If water rich in minerals fills this space, crystals can form and create a fossil in the shape of the original bone or shell, known as a cast fossil. Or sediment can fill the mould and form a cast fossil.
These are the most common ways that marine animals with shells fossilise. This includes ammonites that went extinct at the same time as dinosaurs, as well as shellfish that are more like the limpets, oysters and mussels we can still find living on the beach today.
Trace fossils such as footprints form in a similar way. The footprint forms a natural mould and sediment then fills it forming a cast.
Uplift, weathering and erosion: why we can find fossils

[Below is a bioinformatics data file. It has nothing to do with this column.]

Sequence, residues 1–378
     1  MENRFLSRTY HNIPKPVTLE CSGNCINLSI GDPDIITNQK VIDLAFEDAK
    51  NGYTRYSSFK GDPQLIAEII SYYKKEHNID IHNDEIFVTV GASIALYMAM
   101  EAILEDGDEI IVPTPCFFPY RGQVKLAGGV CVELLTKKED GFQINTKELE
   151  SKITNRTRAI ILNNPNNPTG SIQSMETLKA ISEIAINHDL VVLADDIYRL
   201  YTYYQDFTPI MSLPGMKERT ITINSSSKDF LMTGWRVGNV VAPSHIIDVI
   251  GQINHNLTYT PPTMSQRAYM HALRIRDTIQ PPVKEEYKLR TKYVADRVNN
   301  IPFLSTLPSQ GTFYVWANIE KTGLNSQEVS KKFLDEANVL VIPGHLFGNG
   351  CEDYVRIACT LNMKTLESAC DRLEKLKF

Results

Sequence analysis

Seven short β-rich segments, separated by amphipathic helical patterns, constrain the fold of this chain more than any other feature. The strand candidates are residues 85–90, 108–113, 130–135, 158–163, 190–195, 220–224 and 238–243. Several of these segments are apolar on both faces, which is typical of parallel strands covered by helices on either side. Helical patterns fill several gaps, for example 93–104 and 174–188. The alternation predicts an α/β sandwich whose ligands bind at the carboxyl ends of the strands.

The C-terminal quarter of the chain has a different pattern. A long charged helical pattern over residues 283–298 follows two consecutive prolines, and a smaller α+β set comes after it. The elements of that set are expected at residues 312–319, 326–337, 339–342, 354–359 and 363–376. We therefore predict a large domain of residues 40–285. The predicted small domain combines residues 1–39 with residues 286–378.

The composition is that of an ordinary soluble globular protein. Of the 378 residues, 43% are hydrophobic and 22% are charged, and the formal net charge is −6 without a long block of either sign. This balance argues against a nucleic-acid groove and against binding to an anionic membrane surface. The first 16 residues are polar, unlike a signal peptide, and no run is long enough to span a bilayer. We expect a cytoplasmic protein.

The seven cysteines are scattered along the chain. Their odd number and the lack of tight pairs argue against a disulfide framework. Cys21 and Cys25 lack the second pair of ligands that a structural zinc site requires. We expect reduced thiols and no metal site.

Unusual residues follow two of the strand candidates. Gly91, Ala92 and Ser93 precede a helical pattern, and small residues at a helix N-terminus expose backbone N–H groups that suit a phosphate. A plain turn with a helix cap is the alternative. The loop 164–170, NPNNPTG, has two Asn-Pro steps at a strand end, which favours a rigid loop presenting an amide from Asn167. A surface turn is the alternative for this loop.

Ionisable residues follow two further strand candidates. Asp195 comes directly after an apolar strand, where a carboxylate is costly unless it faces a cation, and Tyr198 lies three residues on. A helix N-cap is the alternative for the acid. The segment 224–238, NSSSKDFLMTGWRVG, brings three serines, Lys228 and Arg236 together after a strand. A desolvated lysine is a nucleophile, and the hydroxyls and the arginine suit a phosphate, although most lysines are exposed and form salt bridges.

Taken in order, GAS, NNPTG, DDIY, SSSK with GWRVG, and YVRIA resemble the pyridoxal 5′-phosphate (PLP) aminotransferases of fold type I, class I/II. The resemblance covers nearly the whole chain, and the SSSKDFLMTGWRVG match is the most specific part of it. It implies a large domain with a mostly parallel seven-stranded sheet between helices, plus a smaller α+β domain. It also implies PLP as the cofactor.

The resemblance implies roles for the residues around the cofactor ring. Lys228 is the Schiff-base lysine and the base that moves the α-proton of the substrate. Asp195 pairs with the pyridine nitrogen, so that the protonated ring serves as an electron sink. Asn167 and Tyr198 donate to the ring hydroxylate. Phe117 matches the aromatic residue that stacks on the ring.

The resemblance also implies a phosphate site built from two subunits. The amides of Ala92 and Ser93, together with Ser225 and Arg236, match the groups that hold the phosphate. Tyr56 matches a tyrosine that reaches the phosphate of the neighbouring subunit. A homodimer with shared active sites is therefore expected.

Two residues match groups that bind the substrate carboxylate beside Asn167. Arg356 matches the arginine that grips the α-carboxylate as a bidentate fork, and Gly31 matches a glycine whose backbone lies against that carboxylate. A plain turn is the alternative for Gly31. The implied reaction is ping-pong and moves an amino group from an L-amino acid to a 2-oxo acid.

How do we find fossils when they've been buried under millions of years' worth of rock? It's down to a combination of uplift, weathering and erosion (plus luck).
Earth's surface is broken up into huge, irregularly shaped pieces - tectonic plates - that fit together like a jigsaw. These plates drift around very slowly, driven by heat from within Earth.
In certain parts of the world, these plates will collide. This can force areas of rock together and push them upwards. In the most dramatic instances, such uplift can form mountain ranges. This is why fossils of marine animals can be found at the top of Mount Everest.
In places that were once covered by huge, heavy ice sheets that have now melted, rocks also undergo uplift.
Rocks can also be pushed up slowly by new igneous rocks forming underneath them.
Uplift is only part of the story. Weathering and erosion from wind, rain, ice, heat and rivers break rocks apart and wash the fragments away.
David says, 'It can take millions of years, but gradually fossils become exposed at the surface where we can find them.